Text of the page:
The market for breathing disorder diagnostics and therapeutics is expected to grow at a significant CAGR during the forecast period from 2014 to 2020 owing to increasing incidences of respiratory disorders across the globe. The global COPD market is estimated to currently be worth $11.3 billion, and is forecast to reach a value of $15.6 billion by 2019.
In the United States (U.S.), more than 35 million people suffer from some form of respiratory disorder and 1 in 6 deaths are caused by chronic lung disease. According to the American Lung Association, the annual economic burden of lung disease in the U.S. is estimated at $154 billion, consisting of $95 billion in direct healthcare costs and $59 billion in indirect costs including lost work days.
During the forecast period covered by this report, the combined U.S. market for respiratory care products is projected to increase from $3.8 billion in 2013 to $5.4 billion in the year 2018. The segment that is expected to experience the greatest growth is represented by sales of sleep apnea management products with 8.3%, followed by airway management accessories with 6.2%, blood gas monitoring products with 5.7%, pulmonary function assessment products with 5.5%, and ventilator systems with 5.3%.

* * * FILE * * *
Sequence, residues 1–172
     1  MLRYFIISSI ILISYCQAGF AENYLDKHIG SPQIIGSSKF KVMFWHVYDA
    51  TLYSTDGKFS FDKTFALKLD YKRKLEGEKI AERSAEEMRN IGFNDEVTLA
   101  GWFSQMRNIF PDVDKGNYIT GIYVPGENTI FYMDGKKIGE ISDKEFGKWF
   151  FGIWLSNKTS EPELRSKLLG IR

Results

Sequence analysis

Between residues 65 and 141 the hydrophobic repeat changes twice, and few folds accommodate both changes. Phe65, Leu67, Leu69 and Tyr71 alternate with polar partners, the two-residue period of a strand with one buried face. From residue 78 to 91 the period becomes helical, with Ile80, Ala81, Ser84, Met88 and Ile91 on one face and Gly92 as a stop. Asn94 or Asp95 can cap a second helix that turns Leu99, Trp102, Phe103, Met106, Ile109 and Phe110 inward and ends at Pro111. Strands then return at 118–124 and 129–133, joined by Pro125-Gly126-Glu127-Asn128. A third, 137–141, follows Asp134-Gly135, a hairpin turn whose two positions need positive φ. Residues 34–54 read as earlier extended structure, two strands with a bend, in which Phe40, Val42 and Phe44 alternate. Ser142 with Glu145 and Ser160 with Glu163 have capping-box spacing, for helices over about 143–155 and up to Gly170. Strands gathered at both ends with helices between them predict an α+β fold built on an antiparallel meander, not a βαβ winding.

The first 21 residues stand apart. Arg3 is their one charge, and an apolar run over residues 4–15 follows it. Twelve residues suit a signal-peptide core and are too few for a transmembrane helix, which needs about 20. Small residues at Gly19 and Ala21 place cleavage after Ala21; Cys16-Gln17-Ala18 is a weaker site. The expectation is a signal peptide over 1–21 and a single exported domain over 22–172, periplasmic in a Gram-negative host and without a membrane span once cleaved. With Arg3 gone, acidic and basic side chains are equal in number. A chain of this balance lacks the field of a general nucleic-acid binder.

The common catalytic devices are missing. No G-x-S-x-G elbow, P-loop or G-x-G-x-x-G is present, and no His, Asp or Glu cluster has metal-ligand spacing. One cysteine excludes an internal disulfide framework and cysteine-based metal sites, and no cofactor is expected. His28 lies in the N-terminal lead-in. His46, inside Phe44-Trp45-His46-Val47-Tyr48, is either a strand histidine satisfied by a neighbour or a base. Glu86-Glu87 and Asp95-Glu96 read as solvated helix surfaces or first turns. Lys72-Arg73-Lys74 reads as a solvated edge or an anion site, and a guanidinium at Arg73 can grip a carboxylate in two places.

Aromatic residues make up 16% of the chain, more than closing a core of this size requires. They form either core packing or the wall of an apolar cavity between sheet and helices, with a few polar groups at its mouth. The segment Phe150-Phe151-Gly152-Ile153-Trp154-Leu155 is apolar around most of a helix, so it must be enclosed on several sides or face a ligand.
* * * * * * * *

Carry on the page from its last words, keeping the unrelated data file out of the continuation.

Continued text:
List of Best International Conferences
Respiratory Therapy Conference
Oct 3-5, 2016 Vancouver, Canada
2nd Influenza Conference
September 12-14, 2016 Berlin, Germany
4th Asia-Pacific Healthcare Conference
July 18-20, 2016 Brisbane, Australia
2nd Breast Cancer Conference
September 19-21, 2016 Phoenix, USA
2nd Infectious Diseases Conference
August 25-27, 2016 Philadelphia, USA
March 29-30, 2016 Valencia, Spain
2nd Innate Immunity Conference
July 21-22, 2016 Berlin, Germany
2nd Flu Conference
November 17-19, 2016 San Francisco, USA
6th Euro Virology Conference
March 10-12, 2016 Madrid, Spain
9th Drug Delivery Summit Conference
June 30-July 2, 2016 New Orleans, USA
3rd Chronic Obstructive Pulmonary Disease Conference
July 11-12, 2016 Brisbane, Australia
ELCC 2015 European Lung Cancer Conference
Geneva, Switzerland - 13 Apr - 16 Apr 2016
17th World Conference on Lung Cancer
December 4 - 7 2016 Vienna, Austira
15th World Conference on Lung Cancer
March 12, 2016 Sydney, Australia
The Union World Conference against Tuberculosis and Lung Diseases
December 2-6, 2015 Capetown, Africa
6th Latin American Conference on Lung Cancer
August 25 - 27 2016 Panama City, Panama
Relevant Society and Associations:
Cambridge Development Initiative
Cambridge Graduate Course in Medicine Society
Cambridge Romanian Society
Research Drones Society, Oxford
Midland Geotechnical Society – UK
Palaeontological Association – UK
The British Hospitality Association
National Housing Federation
Self-Storage Association UK
Lung Health UK
British Lung Foundation
British Thoracic Society
British Association for Lung Research
The Sarcoidosis charity
The Freeman Heart & Lung Transplant Association
British Snoring and Sleep Apnoea Association
Association of Respiratory Nurses (ARNS)
Association of charted Physiotherapists in respiratory care (ACPRC)
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This page was last updated on February 21, 2020